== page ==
1st Prize (judged by John Cattapan), Melbourne Polytechnic (formerly NMIT), Preston, Melbourne
Rockhampton Art Gallery
Amelia Winata, "Between Worlds", Art Guide Australia, 19 June 2020
"Picture This: Bundit Puangthong", Feature, Daily Review, 4 August
Alexandra Brown, "Art Buying Novice? Why Art Fairs Are Where You Should Start" Vogue Australia, 11 August
"Gallery: Buffalo After the Rain", Map Magazine, 12 November, p. 44
Inga Walton, "Bundit Puangthong: The Culture Chameleon", art4d [Thailand], Issue 162, August, 2009, p.58-61
Inga Walton, "The Art of Cultural Fusion: Works by Bundit Puangthong", Etchings, Issue 7: 'Chameleons', July, 2009, cover & p.58-69.
Ronnie Girdham, "There’s a lot going on: Bundit Puangthong’s loud and cheerful artwork blends East with West", Feature, The Sunday Mail, 29 November
"Why is Thailand difficult for street artists? Graffiti artist Bundit Puangthong explains", Feature, Art Radar, 2 July
"Coming to Grips with Graffiti", Feature, Bangkok Post, 25 June
Ronnie Girdham, "East Meets West on Canvas", Feature, The Sunday Mail, 7 September
"Framed", Feature, Vogue Australia, October, p. 141
Profiles, Art Almanac, August
"This Art Week", Australian Art Collector Magazine, 29 July
‘Expanded Canvas’ is a major exhibition at Town Hall Gallery exploring the dynamic and innovative nature of contemporary painting. The traditional grid and 2D picture plane are replaced by modern surfaces, including drop sheets, sign vinyl, virtual space, and the gallery wall itself.
Bundit’s mural painting will be exhibited in the major exhibition ‘Expanded Canvas’, showing at Hawthorn Arts Centre, Victoria - 23 April to Saturday 2 July 2022.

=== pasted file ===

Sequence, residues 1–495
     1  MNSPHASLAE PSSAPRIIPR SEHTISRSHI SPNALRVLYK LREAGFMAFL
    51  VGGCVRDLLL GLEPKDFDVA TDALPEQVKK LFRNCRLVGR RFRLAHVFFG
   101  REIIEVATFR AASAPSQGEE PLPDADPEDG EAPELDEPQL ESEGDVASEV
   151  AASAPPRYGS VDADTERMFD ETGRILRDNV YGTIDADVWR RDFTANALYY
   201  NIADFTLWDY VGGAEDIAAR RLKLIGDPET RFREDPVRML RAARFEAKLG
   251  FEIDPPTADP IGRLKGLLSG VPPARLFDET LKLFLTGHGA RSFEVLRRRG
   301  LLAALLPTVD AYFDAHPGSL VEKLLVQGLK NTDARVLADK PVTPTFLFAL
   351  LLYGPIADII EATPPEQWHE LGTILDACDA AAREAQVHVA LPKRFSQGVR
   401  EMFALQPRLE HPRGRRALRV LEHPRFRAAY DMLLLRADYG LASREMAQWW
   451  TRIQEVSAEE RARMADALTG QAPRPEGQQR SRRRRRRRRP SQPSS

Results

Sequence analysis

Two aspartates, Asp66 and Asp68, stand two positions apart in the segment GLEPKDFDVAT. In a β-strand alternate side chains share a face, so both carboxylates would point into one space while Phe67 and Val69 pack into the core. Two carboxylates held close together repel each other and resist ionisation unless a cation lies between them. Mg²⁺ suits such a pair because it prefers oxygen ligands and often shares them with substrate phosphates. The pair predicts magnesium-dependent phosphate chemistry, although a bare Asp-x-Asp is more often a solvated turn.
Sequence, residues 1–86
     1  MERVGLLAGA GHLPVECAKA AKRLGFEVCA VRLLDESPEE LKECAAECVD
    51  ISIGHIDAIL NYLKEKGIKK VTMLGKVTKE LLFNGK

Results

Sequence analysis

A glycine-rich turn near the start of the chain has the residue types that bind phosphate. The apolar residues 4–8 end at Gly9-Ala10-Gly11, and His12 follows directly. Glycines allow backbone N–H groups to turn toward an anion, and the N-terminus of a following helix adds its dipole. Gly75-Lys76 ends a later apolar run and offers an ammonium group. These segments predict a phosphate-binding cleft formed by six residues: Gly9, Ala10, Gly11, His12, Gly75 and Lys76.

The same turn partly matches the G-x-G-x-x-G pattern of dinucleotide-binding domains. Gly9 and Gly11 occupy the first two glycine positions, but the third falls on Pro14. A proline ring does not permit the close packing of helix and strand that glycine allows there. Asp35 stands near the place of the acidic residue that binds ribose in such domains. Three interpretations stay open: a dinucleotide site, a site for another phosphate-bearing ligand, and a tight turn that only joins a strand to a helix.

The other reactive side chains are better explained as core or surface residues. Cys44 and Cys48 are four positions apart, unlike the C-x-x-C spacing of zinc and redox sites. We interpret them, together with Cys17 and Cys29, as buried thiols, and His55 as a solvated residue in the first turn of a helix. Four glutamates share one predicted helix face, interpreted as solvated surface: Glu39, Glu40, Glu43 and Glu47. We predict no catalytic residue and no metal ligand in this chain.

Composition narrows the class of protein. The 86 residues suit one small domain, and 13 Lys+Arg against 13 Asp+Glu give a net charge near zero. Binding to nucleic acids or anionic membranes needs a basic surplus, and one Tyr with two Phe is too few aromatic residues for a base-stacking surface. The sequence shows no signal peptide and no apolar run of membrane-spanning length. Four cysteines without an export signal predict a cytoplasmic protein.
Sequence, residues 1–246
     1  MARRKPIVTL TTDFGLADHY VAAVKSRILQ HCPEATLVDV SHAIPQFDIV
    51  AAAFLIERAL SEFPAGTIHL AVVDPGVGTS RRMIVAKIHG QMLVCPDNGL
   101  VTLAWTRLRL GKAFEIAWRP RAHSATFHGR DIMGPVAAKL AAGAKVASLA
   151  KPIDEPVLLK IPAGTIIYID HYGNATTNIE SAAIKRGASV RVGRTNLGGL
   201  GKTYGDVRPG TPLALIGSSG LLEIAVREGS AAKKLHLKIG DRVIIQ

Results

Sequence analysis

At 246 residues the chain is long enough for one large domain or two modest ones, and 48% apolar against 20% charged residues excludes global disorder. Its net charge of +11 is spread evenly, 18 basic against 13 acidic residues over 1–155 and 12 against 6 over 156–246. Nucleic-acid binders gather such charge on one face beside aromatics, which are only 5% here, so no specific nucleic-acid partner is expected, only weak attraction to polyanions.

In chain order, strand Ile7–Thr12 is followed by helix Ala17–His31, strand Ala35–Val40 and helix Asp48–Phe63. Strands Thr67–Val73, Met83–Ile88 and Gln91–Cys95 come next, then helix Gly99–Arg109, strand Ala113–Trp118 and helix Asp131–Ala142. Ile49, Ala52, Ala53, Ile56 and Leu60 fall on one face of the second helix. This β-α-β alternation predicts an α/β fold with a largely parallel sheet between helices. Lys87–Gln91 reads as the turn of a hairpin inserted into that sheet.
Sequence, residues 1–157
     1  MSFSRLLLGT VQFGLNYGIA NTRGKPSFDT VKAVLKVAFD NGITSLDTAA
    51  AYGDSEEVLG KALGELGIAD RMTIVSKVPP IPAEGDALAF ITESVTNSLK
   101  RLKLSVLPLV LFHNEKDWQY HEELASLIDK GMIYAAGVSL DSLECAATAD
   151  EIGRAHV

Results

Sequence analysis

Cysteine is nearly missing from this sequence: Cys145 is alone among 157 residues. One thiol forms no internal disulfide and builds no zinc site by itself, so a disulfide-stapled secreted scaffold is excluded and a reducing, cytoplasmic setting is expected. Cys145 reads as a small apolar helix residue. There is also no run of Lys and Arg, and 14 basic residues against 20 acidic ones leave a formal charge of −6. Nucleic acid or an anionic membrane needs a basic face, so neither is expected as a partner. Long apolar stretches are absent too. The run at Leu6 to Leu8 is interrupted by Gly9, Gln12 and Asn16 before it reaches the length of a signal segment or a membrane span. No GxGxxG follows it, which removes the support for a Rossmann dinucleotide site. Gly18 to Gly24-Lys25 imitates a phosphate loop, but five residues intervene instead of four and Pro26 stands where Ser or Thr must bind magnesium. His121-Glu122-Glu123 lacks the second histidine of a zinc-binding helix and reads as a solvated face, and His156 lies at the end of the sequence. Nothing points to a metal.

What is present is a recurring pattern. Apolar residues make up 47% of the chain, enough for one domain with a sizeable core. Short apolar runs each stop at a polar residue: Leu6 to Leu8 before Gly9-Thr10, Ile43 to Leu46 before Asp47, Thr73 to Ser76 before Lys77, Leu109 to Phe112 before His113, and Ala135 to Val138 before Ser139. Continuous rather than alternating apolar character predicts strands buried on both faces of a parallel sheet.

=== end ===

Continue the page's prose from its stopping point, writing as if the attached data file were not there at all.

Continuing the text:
NGV is committed to providing creative experiences for young people and their families and sharing new ways to be creative. The gallery invited Bundit Puangthong to conduct a series of online workshops for their NGV Kids programme, during the 2021 Melbourne lockdown.
With a background in puppeteering, Bundit created a range of workshops with an introduction to making paper puppets.
The Sunshine Coast Art Prize is a dynamic visual arts award reflecting outstanding contemporary 2D arts practice in Australia. Now in its 16th year, this significant art award is the flagship event for the Sunshine Coast’s Regional Gallery in Caloundra, attracting entries from emerging and established artists across the nation.
Held every two years, the Arthur Guy Memorial Painting Prize attracts some of Australia’s most accomplished artists, awarding a generous acquisitive cash prize of $50,000. The Prize provides Bendigo Art Gallery with the opportunity to survey contemporary painting by established and emerging artists from across Australia.